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How flexible working supports employee wellbeing

Flexible working has been shown to improve employee engagement and wellbeing, in a variety of ways. So employers who care about their staff, and want to get the best from them, need to take it seriously.

employee wellbeing apple imageThe impact of flexible working on employee wellbeing, engagement and productivity is impossible to ignore. Here’s how offering flexibility will help you get the best from your team.

Improved mental and physical wellbeing

Quite rightly, more and more organisations are focusing on improving employee wellbeing. Flexible working can support this in a number of ways:

  • Having a positive work-life balance makes life less stressful and can reduce illness
  • Reducing the commute by working from home frees up time, energy and headspace
  • Being able to work when, where and how they want increases employees’ sense of control
  • Freeing up time for exercise can support physical wellness and stamina

Support with other responsibilities

For parents of small children, and sons or daughters looking after an elderly relative, being able to flex around medical appointments, school runs and other logistical issues makes being a carer easier to manage.

Career development and job satisfaction

When senior level flexible roles are made available, people who need to work flexibly are able to progress their careers, making best use of their skills and improving their job satisfaction.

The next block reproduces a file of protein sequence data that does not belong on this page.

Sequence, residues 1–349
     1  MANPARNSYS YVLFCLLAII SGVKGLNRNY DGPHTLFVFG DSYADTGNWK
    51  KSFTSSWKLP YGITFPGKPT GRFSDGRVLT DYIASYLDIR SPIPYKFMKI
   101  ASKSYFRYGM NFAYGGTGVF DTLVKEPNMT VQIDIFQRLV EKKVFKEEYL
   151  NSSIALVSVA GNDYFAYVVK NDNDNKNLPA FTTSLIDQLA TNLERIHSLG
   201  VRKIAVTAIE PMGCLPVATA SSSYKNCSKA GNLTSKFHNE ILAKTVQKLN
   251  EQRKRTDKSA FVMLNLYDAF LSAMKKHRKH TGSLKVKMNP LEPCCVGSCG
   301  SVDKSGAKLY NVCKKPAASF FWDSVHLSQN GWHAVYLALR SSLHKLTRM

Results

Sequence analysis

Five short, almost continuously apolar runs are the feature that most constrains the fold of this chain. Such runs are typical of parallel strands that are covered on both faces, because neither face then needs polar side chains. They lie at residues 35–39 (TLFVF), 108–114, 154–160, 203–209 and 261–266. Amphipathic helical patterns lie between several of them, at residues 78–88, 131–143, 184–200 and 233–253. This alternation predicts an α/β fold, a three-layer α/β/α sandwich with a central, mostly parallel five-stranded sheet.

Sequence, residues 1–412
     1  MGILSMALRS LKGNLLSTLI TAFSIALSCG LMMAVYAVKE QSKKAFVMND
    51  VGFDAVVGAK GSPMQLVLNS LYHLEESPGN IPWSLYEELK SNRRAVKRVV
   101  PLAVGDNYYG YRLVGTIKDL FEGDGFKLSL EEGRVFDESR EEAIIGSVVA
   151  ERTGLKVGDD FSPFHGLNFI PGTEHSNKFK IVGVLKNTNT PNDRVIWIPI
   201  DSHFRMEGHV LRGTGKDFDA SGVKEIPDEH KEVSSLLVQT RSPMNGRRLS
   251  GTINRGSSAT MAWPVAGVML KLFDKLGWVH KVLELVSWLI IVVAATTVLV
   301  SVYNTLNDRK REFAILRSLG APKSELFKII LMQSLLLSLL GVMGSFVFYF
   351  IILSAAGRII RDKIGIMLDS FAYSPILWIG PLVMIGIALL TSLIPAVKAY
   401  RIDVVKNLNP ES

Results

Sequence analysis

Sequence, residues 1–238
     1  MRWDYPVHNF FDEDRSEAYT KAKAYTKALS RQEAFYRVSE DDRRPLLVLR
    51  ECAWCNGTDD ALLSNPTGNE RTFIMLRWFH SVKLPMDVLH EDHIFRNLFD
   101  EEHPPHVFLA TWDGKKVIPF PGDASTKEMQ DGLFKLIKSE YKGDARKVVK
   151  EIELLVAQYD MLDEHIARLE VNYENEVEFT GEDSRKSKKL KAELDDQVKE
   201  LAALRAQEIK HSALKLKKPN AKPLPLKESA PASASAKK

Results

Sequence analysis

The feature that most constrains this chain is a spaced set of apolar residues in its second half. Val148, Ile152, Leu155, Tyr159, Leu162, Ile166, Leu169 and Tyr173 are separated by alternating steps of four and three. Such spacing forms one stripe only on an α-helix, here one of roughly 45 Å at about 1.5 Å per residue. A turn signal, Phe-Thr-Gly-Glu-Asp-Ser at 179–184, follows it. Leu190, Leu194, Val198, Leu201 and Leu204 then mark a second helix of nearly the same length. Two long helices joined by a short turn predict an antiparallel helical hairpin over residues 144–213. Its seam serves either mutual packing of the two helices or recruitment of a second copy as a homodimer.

Enhanced concentration and productivity

In a Cranfield University[1] survey of flexible workers, 97% of managers said their quantity of work improved or stayed the same and 93% said their quality of the work improved or stayed the same. Achieving more within a flexible framework is likely to lead to increased job satisfaction.

Improved motivation and happiness at work

All of the above make it more likely that flexible workers will be more motivated and happier. According to Dr Mark Winwood, a clinical director of psychological services, “The more control any of us feel we have over our working lives, the better we feel about work.”

It’s for all of these reasons that the demand for flexibility is at an all-time high. Our own research has indicated that 87% of employees either work flexibly already, or wish they could. And according to a survey by the Centre for the Modern Family, 23% of UK workers would be willing to take a pay cut in order to have more flexible working hours.

So if you want to recruit and retain healthy, motivated and productive employees, focus on flexibility.

[1] Cranfield University/Working Families 2008: “Flexible Working and Performance”